French President Francois Hollande Splits With First Lady Valerie Trierweiler
By Anne Lu | January 27, 2014 7:21 AM EST
French president Francois Hollande split with his long-time partner amid his affair scandal with alleged mistress, actress Julie Gayet. The now former first lady Valerie Trierweiler left for India on Sunday after the embattled leader’s announcement.
French President Francois Hollande (L) and his companion Valerie Trierweiler arrive for a state dinner at the Elysee Palace in Paris May 7, 2013, as part of Polish President Bronislaw Komorowski's two-day visit to France. REUTERS/Thibault Camus/Pool
On Saturday, Mr Hollande announced that his relationship with Ms Trierweiler has ended, two weeks after reports emerged that he was having an affair with Ms Gayet.
“I wish to make it known that I have ended my shared life (partnership) with Valerie Trierweiler,” the president was quoted by the Agence France Presse as saying.
Following his announcement, Ms Trierweiler said goodbye to her followers on Twitter, thanking the “extraordinary people at the Elysee” for their devotion.
She left for India on Sunday to support Action Against Hunger, a non-profit organisation, CNN reported.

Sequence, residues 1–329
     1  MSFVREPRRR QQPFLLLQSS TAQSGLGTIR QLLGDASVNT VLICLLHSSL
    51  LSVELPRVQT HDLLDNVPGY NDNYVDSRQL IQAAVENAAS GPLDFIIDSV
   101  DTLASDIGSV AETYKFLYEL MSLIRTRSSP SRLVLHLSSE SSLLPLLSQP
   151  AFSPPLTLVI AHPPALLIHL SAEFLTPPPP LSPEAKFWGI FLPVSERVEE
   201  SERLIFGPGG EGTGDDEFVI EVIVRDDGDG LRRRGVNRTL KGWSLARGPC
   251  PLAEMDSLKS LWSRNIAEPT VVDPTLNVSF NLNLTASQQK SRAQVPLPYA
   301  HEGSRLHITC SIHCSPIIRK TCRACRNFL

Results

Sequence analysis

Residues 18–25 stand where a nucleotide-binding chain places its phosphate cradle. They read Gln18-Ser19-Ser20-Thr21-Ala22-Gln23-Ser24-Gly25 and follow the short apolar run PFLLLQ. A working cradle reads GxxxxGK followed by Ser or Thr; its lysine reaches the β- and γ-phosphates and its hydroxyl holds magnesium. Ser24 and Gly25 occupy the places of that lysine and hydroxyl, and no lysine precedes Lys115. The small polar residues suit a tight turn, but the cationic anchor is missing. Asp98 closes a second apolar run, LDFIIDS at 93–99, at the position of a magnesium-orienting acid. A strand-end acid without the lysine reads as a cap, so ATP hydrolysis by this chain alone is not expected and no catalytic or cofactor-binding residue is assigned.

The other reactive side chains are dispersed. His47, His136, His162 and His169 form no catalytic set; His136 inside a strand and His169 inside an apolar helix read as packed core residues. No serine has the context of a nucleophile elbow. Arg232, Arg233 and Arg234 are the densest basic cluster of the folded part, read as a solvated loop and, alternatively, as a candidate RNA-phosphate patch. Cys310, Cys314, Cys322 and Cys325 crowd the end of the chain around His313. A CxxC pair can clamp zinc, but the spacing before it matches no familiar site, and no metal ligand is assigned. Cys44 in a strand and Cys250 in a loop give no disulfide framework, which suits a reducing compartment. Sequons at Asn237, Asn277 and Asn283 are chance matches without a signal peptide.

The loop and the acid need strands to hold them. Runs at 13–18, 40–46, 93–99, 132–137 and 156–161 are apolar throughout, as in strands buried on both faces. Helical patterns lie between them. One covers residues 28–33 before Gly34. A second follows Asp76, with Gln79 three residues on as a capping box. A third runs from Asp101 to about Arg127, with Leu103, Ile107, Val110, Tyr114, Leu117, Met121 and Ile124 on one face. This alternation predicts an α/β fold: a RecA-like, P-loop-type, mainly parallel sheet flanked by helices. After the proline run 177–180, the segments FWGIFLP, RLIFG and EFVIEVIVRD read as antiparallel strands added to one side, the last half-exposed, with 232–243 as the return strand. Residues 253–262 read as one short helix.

The news of their separation came two weeks after a local magazine published photos that showed the president leaving the house of Ms Gayet after apparently spending the night in it.
Upon the request of Ms Gayet’s lawyer, Closer magazine removed the photos and the accompanying story from its site. However, it was already too late as the exposure was already read by the public.
Mr Hollande, who neither confirmed nor denied the affair, threatened to sue Closer.
A few days after the tabloid exposed the alleged affair, Ms Trierweiler was admitted to a hospital, supposedly for exhaustion. She left the hospital a week later.
Mr Holland and Ms Trierweiler, who are never married, got together in 2007, a few months after the president split with his former partner, fellow politician Segolene Royal. He and Ms Royal have four children together.
Meanwhile, hundreds of people have taken to the streets in Paris to criticise Mr Hollande on Sunday. The protesters from various organisations cited the country’s struggling economy, taxes, high unemployment rate, the people’s housing needs, and lack of personal freedoms, according to the Associated Press.
Mr Hollande’s personal life was not included in the issues raised by the demonstrators.
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